I sort of pushed the limits of my sanity when I tried to turn these particular artworks into greyscale drawings. There is a twofold approach to painting in Aaron Johnson's practice. When I first arrived in his studio he introduced me to both of them, along with a few of the characters that were hanging around the space. Sometimes his paintings lay so smooth and flat that they almost appear to recede from the surface. In this case Johnson uses a very involved process that adds layers, in reverse, to a large piece of plastic that he then stretches. On the other side of the spectrum, he uses socks like a kind of impasto to greatly build up the surface and form theatrically animated creatures. After our conversation, Johnson began to work on a mere second layer of a massive new piece that he is getting ready to show at Pulse Miami with Gallery Poulsen
. I steadily worked on my drawing in the hopes to fill it somewhat accurately before nightfall — without starting to see things come to life.
I couldn't help but want to enter Johnson's unearthly world. After all, it was the week of the blood moon and October is the only month that most people even think of a more lurid existence —one that might include saw-toothed mouths, faces that bulge with eyes, and beasts that play guitars and pianos. But it is not only this month that this subject holds prominence. There is a long history of the macabre appearing in art, ranging from the string quartet Death and the Maiden by Schubert from 1826, to the nightmarish tales of H.P. Lovecraft, to Michael Wolgemut woodcut "Dance of Death" from as early as 1493, to name but a few. Johnson narrates his own contemporary version of the macabre combining humor and social commentary with his particular brand of garishly colored symbolic story telling. I was especially taken by the sperm that turned into tiny ghosts as they passed through one of his ghoulish figures by way of the the grave. A labor of love much like his paintings.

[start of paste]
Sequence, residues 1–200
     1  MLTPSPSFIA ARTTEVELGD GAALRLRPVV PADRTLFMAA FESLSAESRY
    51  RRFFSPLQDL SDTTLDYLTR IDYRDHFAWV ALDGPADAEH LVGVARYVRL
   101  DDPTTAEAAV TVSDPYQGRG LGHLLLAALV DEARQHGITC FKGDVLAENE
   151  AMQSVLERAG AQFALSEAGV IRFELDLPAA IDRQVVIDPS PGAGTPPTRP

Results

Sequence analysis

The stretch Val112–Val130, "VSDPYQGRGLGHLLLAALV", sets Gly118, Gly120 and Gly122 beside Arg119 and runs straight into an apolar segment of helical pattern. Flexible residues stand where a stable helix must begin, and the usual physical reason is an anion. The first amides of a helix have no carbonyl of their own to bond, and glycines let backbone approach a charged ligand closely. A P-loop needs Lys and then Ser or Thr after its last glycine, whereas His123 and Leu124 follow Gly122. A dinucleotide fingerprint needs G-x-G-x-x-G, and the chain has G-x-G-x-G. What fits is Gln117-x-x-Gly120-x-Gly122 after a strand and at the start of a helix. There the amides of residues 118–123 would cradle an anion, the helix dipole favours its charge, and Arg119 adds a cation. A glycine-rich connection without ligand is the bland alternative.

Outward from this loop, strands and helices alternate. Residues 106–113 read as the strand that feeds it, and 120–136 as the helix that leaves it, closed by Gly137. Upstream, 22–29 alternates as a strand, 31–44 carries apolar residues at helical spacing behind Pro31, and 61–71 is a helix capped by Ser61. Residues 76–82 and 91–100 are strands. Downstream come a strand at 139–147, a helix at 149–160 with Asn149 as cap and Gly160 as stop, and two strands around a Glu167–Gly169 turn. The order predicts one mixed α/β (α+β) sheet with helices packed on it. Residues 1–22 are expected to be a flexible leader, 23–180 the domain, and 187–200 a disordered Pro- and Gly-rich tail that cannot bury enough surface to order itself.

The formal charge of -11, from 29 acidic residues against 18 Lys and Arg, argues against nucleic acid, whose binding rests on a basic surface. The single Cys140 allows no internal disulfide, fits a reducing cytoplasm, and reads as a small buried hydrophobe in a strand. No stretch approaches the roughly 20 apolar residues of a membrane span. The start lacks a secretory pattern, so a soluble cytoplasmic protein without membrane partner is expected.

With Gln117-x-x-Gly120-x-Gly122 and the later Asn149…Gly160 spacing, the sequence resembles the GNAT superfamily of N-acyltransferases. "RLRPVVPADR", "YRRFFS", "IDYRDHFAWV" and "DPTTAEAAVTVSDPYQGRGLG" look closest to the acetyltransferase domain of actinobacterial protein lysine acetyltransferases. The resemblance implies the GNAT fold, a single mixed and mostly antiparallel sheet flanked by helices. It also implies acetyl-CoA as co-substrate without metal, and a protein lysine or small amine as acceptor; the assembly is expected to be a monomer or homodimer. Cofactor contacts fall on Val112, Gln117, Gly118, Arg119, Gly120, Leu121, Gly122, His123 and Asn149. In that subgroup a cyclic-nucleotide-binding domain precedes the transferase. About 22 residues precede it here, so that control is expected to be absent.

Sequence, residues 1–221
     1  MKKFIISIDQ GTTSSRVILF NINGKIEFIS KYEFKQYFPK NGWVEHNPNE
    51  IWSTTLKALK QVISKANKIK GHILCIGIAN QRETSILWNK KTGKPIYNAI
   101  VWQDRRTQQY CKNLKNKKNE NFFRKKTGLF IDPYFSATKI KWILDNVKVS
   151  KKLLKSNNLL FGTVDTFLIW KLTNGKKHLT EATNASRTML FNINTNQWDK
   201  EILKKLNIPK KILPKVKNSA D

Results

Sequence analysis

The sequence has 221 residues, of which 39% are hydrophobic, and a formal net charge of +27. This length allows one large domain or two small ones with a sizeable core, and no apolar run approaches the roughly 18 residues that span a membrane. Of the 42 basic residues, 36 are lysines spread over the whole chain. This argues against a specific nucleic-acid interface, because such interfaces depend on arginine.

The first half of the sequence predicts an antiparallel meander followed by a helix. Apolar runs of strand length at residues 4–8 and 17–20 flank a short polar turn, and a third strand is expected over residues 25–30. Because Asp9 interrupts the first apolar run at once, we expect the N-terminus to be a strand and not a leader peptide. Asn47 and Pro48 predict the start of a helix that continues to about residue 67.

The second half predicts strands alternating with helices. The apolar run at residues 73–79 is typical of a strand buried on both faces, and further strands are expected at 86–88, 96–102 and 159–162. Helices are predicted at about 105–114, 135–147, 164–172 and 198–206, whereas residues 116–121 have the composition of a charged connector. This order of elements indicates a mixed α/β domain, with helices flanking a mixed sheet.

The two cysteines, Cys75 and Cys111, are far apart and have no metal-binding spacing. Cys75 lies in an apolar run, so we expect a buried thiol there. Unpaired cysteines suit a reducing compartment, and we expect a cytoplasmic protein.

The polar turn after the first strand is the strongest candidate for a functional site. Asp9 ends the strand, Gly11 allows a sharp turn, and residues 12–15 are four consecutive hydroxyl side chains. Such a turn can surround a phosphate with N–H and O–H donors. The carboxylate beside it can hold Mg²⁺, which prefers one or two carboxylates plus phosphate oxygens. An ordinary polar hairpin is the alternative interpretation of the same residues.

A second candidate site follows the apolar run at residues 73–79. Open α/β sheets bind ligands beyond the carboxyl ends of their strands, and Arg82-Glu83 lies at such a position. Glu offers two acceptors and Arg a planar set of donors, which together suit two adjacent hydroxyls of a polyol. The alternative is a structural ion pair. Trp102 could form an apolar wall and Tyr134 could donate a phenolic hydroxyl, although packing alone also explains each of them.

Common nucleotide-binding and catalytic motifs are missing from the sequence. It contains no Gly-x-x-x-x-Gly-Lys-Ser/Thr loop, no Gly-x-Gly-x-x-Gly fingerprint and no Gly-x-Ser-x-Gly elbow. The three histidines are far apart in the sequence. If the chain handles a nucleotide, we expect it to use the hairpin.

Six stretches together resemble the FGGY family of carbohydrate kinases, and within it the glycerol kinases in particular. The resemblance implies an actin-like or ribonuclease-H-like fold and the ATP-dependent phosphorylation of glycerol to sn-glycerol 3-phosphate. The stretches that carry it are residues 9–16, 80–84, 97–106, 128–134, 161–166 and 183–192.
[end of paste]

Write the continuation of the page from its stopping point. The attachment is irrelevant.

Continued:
I did manage to draw all the gaping-mouthed monsters staring out at me before our day ended. During our studio visit we talked about who we were before art brought us to NYC. I wasn't all that surprised to hear that Johnson left his life for New York to start as a painter with a background in science. Not only is his process hard to imagine being thought up by anyone who is not a little bit "mad scientist," but his invented worlds seem grossly biological. Johnson has a solo show in January at Arts and Leisure
. He also has a solo show in February at Stux Gallery
. To see more of Aaron's work go here http://www.aaronjohnsonart.com/
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